10. Industrial Assessment Center Program Impact Evaluation

    Energy Technology Data Exchange (ETDEWEB)

    Martin, M.A.

    2000-01-26

    This report presents the results of an evaluation of the U.S. Department of Energy's Industrial Assessment Center (IAC) Program. The purpose of this program is to conduct energy, waste, and productivity assessments for small to medium-sized industrial firms. Assessments are conducted by 30 university-based industrial assessment centers. The purpose of this project was to evaluate energy and cost savings attributable to the assessments, the trained alumni, and the Websites sponsored by this program. How IAC assessments, alumni, and Web-based information may influence industrial energy efficiency decision making was also studied. It is concluded that appreciable energy and cost savings may be attributed to the IAC Program and that the IAC Program has resulted in more active and improved energy-efficiency decision making by industrial firms.

  11. Final Environmental Assessment for solid waste disposal, Nevada Test Site, Nye County, Nevada

    International Nuclear Information System (INIS)

    1995-08-01

    New solid waste regulations require that the existing Nevada Test Site (NTS) municipal landfills, which receive less than 20 tons of waste per day, be permitted or closed by October 9, 1995. In order to be permitted, the existing landfills must meet specific location, groundwater monitoring, design, operation, and closure requirements. The issuance of these regulations has resulted in the need of the Department of Energy (DOE) to provide a practical, cost-effective, environmentally sound means of solid waste disposal at the NTS that is in compliance with all applicable federal, state, and local regulations. The current landfills in Areas 9 and 23 on the Nevada Test Site do not meet design requirements specified in new state and federal regulations. The DOE Nevada Operations Office prepared an environmental assessment (EA) to evaluate the potential impacts of the proposal to modify the Area 23 landfill to comply with the new regulations and to close the Area 9 landfill and reopen it as Construction and Demolition debris landfill. Based on information and analyses presented in the EA, DOE has determined that the proposed action would not constitute a major federal action significantly affecting the quality of the human environment within the meaning of the National Environmental Policy Act. Therefore, an environmental impact statement (EIS) is not required. This report contains the Environmental Assessment, as well as the Finding of No Significant Impact (FONSI)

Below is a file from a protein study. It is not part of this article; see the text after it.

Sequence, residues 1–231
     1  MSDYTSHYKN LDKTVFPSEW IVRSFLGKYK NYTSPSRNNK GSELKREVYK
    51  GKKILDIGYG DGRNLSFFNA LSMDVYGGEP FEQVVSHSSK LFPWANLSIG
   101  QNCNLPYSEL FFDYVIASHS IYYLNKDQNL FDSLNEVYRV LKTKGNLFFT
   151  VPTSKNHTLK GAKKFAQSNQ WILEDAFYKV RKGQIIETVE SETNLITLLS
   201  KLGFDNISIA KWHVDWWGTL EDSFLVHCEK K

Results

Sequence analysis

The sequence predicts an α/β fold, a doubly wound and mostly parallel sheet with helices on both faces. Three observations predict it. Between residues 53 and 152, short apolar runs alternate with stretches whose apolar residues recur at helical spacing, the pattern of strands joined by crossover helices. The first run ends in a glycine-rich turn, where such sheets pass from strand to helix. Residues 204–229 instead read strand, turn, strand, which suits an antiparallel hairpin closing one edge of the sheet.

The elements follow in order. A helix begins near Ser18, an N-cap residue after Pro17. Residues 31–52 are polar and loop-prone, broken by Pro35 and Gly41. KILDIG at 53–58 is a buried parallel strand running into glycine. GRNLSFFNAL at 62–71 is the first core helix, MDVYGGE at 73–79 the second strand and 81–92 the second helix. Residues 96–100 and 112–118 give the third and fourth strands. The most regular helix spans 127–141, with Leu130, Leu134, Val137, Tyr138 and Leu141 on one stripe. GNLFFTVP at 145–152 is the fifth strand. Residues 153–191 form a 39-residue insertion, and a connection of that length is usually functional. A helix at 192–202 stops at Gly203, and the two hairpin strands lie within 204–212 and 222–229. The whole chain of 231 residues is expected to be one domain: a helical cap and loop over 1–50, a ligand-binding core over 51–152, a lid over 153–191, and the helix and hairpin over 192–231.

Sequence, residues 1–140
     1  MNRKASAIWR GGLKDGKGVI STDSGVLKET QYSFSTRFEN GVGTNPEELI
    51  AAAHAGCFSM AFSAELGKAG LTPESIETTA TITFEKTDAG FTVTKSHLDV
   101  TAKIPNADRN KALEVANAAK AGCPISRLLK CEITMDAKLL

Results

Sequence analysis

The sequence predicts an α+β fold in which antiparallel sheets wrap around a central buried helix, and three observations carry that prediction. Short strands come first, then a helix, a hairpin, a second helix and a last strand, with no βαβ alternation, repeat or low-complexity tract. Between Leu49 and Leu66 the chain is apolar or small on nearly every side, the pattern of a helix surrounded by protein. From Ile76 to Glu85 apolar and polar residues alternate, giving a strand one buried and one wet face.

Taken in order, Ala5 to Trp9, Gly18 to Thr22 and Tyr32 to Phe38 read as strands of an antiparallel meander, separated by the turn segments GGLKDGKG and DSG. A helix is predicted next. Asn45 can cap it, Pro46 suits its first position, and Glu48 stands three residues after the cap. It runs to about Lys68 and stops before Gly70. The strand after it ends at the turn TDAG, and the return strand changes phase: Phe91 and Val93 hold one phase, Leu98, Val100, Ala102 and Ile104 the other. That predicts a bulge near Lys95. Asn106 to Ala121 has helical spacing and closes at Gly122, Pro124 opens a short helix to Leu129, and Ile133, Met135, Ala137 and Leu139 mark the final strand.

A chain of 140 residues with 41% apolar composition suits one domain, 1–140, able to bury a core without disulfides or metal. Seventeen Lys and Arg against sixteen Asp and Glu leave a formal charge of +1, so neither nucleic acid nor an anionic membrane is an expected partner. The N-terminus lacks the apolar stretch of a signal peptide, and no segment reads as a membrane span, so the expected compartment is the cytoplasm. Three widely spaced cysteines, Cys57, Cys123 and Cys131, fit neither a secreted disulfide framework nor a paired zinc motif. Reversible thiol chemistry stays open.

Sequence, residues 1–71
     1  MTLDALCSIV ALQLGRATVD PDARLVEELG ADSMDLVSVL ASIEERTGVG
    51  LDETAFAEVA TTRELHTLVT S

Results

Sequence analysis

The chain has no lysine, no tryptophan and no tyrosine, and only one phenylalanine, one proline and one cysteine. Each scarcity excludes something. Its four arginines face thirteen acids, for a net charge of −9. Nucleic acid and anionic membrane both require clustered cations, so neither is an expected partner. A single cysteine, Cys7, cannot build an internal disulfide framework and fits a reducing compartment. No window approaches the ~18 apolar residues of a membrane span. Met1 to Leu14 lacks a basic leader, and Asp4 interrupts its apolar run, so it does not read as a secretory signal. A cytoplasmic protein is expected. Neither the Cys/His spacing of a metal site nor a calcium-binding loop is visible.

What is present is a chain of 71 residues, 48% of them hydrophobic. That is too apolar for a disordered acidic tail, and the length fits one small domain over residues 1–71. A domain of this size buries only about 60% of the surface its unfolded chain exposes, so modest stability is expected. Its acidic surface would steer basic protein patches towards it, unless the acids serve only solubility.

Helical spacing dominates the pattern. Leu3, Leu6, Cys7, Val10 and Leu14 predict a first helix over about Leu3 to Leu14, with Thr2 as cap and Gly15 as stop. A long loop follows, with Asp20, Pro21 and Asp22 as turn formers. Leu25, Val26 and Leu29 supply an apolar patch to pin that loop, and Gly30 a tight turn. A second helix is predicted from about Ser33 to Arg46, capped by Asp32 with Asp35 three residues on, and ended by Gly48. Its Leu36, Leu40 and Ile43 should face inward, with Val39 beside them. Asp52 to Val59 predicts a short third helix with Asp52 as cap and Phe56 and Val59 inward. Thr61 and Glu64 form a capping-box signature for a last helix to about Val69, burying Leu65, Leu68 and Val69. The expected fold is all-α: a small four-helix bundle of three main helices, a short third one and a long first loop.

12. Biological assessment of remedial action at the abandoned uranium mill tailings site near Naturita, Colorado

    Energy Technology Data Exchange (ETDEWEB)

    NONE

    1996-03-01